Photographer Robert Frank is known for a few things, primarily The Americans, a ground-breaking book of photography published in the late 50's. He is also known for avant-garde film-making, e.g., Pull My Daisy, and his never-released Rolling Stones documentary with an unprintable name.We checked out SFMOMA's 50th anniversary retrospective of The Americans today, and I was astonished at another of Frank's skills: Grant-writing. In order to fund the gathering of the photos that became The Americans, he applied for a Guggenheim Fellowship. I've pasted his clear, simple, two-part essay below.
Part 1: Frank's brief summary of the proposal
To photograph freely throughout the United States, using the miniature camera exclusively. The making of a broad, voluminous picture record of things American, past and present. This project is essentially the visual study of a civilization and will include caption notes; but it is only partly documentary in nature: one of its aims is more artistic than the word documentary implies.
Part 2: The full statement of intent
I am applying for a Fellowship with a very simple intention: I wish to continue, develop and widen the kind of work I already do, and have been doing for some ten years, and apply it to the American nation in general. I am submitting work that will be seen to be documentation — most broadly speaking. Work of this kind is, I believe, to be found carrying its own visual impact without much work explanation. The project I have in mind is one that will shape itself as it proceeds, and is essentially elastic. The material is there: the practice will be in the photographer's hand, the vision in his mind. One says this with some embarrassment but one cannot do less than claim vision if one is to ask for consideration. "The photographing of America" is a large order — read at all literally, the phrase would be an absurdity. What I have in mind, then, is observation and record of what one naturalized American finds to see in the United States that signifies the kind of civilization born here and spreading elsewhere. Incidentally, it is fair to assume that when an observant American travels abroad his eye will see freshly; and that the reverse may be true when a European eye looks at the United States. I speak of the things that are there, anywhere and everywhere — easily found, not easily selected and interpreted. A small catalog comes to the mind's eye: a town at night, a parking lot, a supermarket, a highway, the man who owns three cars and the man who owns none, the farmer and his children, a new house and a warped clapboard house, the dictation of taste, the dream of grandeur, advertising, neon lights, the faces of the leaders and the faces of the followers, gas tanks and postoffices and backyards. The uses of my project would be sociological, historical and aesthetic. My total production will be voluminous, as is usually the case when the photographer works with miniature film. I intend to classify and annotate my work on the spot, as I proceed. Ultimately the file I shall make should be deposited in a collection such as the one in the Library of Congress. A more immediate use I have in mind is both book and magazine publication.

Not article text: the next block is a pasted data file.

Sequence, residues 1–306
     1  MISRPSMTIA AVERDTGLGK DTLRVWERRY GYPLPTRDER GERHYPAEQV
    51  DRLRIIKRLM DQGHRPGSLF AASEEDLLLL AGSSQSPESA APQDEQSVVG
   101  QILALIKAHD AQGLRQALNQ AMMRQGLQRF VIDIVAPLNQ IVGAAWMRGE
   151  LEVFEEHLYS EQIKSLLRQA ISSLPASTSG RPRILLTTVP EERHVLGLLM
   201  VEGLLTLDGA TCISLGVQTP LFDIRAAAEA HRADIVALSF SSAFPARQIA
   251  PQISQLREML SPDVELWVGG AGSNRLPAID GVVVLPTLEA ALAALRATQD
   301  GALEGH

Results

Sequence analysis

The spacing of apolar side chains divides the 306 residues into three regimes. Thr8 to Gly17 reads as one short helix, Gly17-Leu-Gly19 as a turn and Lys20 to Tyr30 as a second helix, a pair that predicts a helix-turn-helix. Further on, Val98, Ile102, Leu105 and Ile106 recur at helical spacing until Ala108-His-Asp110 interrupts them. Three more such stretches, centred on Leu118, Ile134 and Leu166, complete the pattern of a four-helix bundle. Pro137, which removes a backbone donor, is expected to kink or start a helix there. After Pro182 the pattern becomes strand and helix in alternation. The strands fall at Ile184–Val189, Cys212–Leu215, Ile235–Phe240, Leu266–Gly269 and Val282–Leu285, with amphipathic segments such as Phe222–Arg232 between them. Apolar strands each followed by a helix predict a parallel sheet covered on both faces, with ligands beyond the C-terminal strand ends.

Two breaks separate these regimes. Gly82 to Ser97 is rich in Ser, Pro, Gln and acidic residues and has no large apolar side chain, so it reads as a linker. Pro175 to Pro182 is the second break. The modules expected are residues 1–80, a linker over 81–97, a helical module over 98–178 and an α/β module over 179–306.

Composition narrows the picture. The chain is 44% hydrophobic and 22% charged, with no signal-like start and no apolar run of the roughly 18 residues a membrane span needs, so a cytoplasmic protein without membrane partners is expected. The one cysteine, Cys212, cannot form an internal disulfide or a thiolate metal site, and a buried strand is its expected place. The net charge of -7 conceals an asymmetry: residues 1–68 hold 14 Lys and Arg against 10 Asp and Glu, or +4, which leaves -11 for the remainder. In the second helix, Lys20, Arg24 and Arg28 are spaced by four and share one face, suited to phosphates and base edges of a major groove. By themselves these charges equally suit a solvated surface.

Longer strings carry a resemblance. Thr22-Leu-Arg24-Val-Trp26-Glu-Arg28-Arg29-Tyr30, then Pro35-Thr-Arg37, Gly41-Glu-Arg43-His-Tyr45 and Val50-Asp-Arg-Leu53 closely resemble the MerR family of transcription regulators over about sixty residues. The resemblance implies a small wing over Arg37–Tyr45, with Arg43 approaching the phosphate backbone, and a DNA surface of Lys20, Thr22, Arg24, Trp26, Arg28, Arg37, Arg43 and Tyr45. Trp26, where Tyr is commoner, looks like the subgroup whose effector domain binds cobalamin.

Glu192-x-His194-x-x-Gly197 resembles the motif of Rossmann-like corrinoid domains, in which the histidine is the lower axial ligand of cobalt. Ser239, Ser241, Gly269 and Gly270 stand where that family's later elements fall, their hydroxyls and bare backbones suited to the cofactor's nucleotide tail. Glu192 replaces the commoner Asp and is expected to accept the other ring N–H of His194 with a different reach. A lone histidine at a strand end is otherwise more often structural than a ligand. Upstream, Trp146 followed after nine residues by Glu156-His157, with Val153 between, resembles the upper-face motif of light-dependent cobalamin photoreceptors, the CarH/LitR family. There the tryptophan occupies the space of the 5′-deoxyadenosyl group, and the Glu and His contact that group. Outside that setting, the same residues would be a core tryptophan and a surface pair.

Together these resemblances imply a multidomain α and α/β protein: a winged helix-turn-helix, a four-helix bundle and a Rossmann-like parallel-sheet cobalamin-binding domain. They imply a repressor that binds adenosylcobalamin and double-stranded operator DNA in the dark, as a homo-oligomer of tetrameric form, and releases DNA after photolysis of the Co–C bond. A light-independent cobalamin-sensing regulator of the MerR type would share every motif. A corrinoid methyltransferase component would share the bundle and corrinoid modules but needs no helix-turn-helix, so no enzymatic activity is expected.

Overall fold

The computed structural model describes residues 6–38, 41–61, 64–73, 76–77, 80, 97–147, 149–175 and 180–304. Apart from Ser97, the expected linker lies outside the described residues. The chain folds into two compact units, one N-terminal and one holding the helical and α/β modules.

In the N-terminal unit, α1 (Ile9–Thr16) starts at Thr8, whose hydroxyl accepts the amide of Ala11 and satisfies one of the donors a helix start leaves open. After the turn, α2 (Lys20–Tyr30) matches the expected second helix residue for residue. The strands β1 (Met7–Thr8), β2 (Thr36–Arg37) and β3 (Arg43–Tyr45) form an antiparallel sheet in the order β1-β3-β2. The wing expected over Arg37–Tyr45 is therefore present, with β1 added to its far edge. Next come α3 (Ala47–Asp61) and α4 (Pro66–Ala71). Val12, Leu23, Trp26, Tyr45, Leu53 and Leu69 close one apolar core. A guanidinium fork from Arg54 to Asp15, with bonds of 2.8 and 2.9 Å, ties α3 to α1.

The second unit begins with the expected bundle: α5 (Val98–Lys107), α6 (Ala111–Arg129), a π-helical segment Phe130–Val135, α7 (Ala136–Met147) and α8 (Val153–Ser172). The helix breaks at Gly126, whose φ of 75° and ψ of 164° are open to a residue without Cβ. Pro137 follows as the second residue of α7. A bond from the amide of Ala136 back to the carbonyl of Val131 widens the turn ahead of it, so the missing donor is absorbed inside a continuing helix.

Frank was awarded a fellowship, which amounted to $3,600, and he used this to travel in a long loop around the US in 1955–6. That "more immediate use" that he refers to in the final sentence turned into The Americans, a stunning document that is every bit as interesting 50 years later. The exhibition is captured in an extended version of The Americans, including contact sheets and commentary.